Zero in on your best promotions through testing

Most companies offer sales, special discounts, or rebates to move merchandise, increase sales, bring in new customers, or reward frequent customers. But how often are you testing different options to see which one(s) achieve your goals quicker or more profitably?

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Do you always run a BOGO (buy one, get one half off or free) sale to move merchandise?  Next time, consider testing something a little different such as a “40% off your first item and 60% off your second item” promotion. Those customers who would have not come into your stores because they didn’t want to purchase two items might consider this promotion since they can save on just one purchase, and those who need or would consider buying two items are attracted to the offer, too. You may end up bringing in more customers and moving more merchandise than a traditional BOGO without sacrificing any margins. In fact, you might increase profit because the average discount per purchase would likely be less than 50%. Of course, the only way to know for sure is to test it!

The same is true for B2B companies who use rebates and other incentives with dealers, distributors, and buyers. Try testing some new ideas or slight modifications of your traditional promotions.

We have learned from our own market research firm that testing is key to keeping costs down and boosting margins. For example, we maintain the Iowa Opinion Panel (IOP), a statewide opt-in research panel that helps our clients get answers faster and at a lower cost. In order to continually add new members to the IOP, we offer incentives to current panelists if they recruit new IOP members. At times, we have short-term referral drives and offer panelists a bonus for each new member they recruit on top of their usual incentive. 

In order to explore whether a higher bonus would encourage more people to refer their friends and family members, we conducted an experiment. The IOP was split into two equal groups. The first group was offered twice (2x) as much as the usual referral incentive amount. The second group was offered two and-a-half (2.5x) times as much.

After the referral drive ended, we compared the number of new sign-ups and found that, although the higher incentive did bring in a few more new panelists, the difference was not statistically significant and not worth the extra costs involved.  We demonstrated that the lower referral bonus – which saves us (and our clients) money – can be used going forward without missing out on a significant number of new recruits.

Stumped for new discount or promotion ideas to test for your business? Try some of these if you are in retail:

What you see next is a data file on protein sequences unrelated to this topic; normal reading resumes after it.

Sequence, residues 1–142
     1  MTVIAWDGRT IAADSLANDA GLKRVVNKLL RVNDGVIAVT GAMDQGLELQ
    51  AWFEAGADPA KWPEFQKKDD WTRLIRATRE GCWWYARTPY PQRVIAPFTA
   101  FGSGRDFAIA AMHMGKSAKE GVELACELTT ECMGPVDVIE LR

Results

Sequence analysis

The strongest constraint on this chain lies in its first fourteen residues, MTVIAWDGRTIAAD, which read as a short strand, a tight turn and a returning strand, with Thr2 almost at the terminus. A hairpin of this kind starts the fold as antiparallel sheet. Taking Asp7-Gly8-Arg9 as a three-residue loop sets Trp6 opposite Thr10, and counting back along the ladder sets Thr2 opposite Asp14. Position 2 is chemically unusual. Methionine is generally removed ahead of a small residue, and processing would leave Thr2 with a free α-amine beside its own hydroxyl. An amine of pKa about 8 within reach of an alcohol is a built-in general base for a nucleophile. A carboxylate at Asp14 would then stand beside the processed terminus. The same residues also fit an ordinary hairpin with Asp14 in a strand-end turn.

• If you sell bulky or heavy items, offer free or low-cost delivery
  • Bundle items and offer a heavy discount on the second item (e.g., buy bottle of shampoo and get conditioner for 50%)
  • Offer a cash discount if a customer reaches a spending level (e.g., spend $100, get $25 off)
  • Hold a charitable drive in your store and offer a discount to anyone who brings in a donation
  • Offer discounts only on slow days or during slow times
  • Customer loyalty discount (e.g., tenth item or visit is free)
  • Referral offer (customers give friends special discount cards or refer online)
  • Free gift with purchase
  • Mystery coupon (come in store to reveal level of discount)
  • Free use of a tool or technology in the store (e.g., room planning tool in a paint or furniture store)
  • Free class(es) with purchase
  • Offering one or two big sales a year instead of constantly discounting
  • Access to other events with a purchase (e.g., free or discounted tickets to Auto Show at an auto parts retailer)

Here are some ideas to test online via your website or social media pages:

  • Flash sales (short, limited time sales)
  • First time shopper discount
  • Abandon cart offer (extended to online visitors who didn’t buy)
  • Special offers for liking, following, or sharing on social
  • Exclusive social only offers
  • Retargeting offers (shown to people who have visited your site once they are online again)
  • Special discounts offered to followers of bloggers or local celebrities
  • Sending special coupon codes to select customers to use online

If you operate in a B2B environment, some of these options might work well for you:

  • Free limited time trial prior to requiring a subscription or purchase
  • Free (or faster) delivery once customer hits purchasing threshold
  • Experiment with different types of rebate programs: try volume, growth, retention, and a mix for incentives rebates
  • Free or low-cost consultation with purchase
  • Extra services with purchase
  • Guaranteed pricing for a specific time period
  • Free or reduced repair services for a specific time period
  • Upgraded warranty

Before choosing a promotion to test, give careful thought to your goals for the promotion. Is the main goal to introduce new customers to your company or to specific products or services? Or is your goal to increase the average sale, move out old merchandise, or increase revenues overall?  Remember to evaluate how the specific promotion might impact your brand identity. For example, if you offer higher-priced products or services, you probably do not want to hold frequent sales or offer steep discounts which may impact the perceived value of your offering. 

Whatever you decide to test, make sure you promote it a the same level you promote  your other sales, discounts, or rebates so that it is an accurate test.